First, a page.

Our accelerated gameplan went off seamlessly, and the next morning, we departed Saigon on a bus bound for the Cambodian capital of Phnom Penh. But not before being ripped off one last time before escaping the country. On the way to the Cambodian border, bus company employees came around to collect our passports, and money to pay for our Cambodian visas. We knew from prior research that a Cambodian visa costs $20 US, so we were surprised when the employee held out his hand and asked for $24 each. We both resisted, insisted that the price is $20, and I tried to hand him $40 for our two visas. But he wasn’t having this. Acting like he didn’t understand me, he simply stood there with his hand out, repeating his price. By now we’d attracted the attention of the passengers around us, especially those who had already shelled out $24 each. We continued to insist that we would pay $20, and when he continued to ignore this, we said we would wait and pay the officials ourselves at the border. But when his response was to refuse to service other passengers until we’d paid our $24, he slyly turned pressure from our fellow travelers onto us. We finally paid him his $48, but when our bus finally arrived at the travel agency’s office in Phnom Penh, Brittany instantly marched inside the office and demanded to know why we’d been overcharged. Their response: “take it up with the bus drivers.” Back outside at the bus, the drivers’ response was: “take it up with the office.” Then, the bus pulled away once more, and our $8 was never to be seen again.

We sought a moral victory by refusing to use the agency’s affiliated tuk-tuk drivers, who were eager to ferry us to our guesthouse in the city. Not that they were ever going to get more money out of us at this point, but they didn’t help their cause when they watched me walk in the direction of an independent tuk-tuk driver parked down the block. They jeered, “Why you want to go with him? He is a stupid farmer. He not even know English!” Like many SE Asian tuk-tuk drivers, the older man WAS clearly a farmer who had been forced to abandon his fields in search of better income. I showed him where we wanted to go on a map, and he knew enough English to quote me a much better price than the evil company vampires were demanding. As we smugly rode off in this tuk-tuk, the farmer turned around to look at me, and pointing to the company drivers, disgustedly drew one finger across his throat. I said, “I feel the same way.”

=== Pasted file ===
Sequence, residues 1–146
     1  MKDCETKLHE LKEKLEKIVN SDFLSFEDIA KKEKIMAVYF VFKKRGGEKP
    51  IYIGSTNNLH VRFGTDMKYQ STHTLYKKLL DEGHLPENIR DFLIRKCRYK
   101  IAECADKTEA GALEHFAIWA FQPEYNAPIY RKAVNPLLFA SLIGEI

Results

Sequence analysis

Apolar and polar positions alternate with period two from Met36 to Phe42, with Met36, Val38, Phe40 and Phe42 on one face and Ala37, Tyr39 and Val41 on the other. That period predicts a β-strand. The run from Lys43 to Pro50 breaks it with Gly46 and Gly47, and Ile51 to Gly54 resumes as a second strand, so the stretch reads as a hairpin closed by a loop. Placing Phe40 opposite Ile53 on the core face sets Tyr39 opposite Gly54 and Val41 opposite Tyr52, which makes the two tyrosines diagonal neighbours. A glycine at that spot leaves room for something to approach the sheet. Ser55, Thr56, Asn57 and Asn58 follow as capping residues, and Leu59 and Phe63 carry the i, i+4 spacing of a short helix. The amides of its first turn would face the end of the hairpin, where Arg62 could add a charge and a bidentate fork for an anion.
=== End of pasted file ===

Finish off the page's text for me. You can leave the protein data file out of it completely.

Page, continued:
BONUS: Although we were only in Saigon for a matter of hours, we did manage to get a good video of typical traffic in the capital city. This is pretty much the same scene you see every day in Hanoi as well. Notice the complete absence of traffic signals and painted lanes. Rule #1 in Vietnam: every man for himself!

Afternoon Traffic in Saigon from Brittany & Ben on Vimeo.

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Apr 18 2008

The Motorcycle Diaries (Part 2)

Published by under Central Highlands,Vietnam

Day 3

Mr. Hoa had made it clear he was not looking forward to day number three of our journey. Day three was the hard push: we had to cover 300 kilometers of ground today in order to have any hope of reaching our destination within five days.

on hammocks, central highlands, vietnam